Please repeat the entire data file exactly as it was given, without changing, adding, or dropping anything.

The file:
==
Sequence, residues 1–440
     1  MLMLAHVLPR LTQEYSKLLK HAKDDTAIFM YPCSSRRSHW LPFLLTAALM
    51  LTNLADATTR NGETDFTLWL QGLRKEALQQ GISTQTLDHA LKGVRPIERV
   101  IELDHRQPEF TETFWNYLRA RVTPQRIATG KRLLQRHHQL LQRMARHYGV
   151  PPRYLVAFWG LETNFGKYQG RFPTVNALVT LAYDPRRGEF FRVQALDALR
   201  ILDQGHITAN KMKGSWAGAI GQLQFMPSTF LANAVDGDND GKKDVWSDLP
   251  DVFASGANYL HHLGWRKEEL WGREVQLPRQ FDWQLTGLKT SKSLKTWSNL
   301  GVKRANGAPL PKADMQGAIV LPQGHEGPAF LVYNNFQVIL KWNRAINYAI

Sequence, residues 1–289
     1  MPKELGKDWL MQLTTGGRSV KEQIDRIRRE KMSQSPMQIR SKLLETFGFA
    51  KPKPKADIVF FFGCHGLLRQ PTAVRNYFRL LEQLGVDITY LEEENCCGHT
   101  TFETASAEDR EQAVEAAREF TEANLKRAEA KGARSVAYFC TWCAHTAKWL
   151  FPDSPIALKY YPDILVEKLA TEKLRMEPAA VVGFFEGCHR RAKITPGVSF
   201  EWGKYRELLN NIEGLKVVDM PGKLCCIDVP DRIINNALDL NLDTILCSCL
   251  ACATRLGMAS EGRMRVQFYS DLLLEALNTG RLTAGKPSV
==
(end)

Sequence, residues 1–440
     1  MLMLAHVLPR LTQEYSKLLK HAKDDTAIFM YPCSSRRSHW LPFLLTAALM
    51  LTNLADATTR NGETDFTLWL QGLRKEALQQ GISTQTLDHA LKGVRPIERV
   101  IELDHRQPEF TETFWNYLRA RVTPQRIATG KRLLQRHHQL LQRMARHYGV
   151  PPRYLVAFWG LETNFGKYQG RFPTVNALVT LAYDPRRGEF FRVQALDALR
   201  ILDQGHITAN KMKGSWAGAI GQLQFMPSTF LANAVDGDND GKKDVWSDLP
   251  DVFASGANYL HHLGWRKEEL WGREVQLPRQ FDWQLTGLKT SKSLKTWSNL
   301  GVKRANGAPL PKADMQGAIV LPQGHEGPAF LVYNNFQVIL KWNRAINYAI

Sequence, residues 1–289
     1  MPKELGKDWL MQLTTGGRSV KEQIDRIRRE KMSQSPMQIR SKLLETFGFA
    51  KPKPKADIVF FFGCHGLLRQ PTAVRNYFRL LEQLGVDITY LEEENCCGHT
   101  TFETASAEDR EQAVEAAREF TEANLKRAEA KGARSVAYFC TWCAHTAKWL
   151  FPDSPIALKY YPDILVEKLA TEKLRMEPAA VVGFFEGCHR RAKITPGVSF
   201  EWGKYRELLN NIEGLKVVDM PGKLCCIDVP DRIINNALDL NLDTILCSCL
   251  ACATRLGMAS EGRMRVQFYS DLLLEALNTG RLTAGKPSV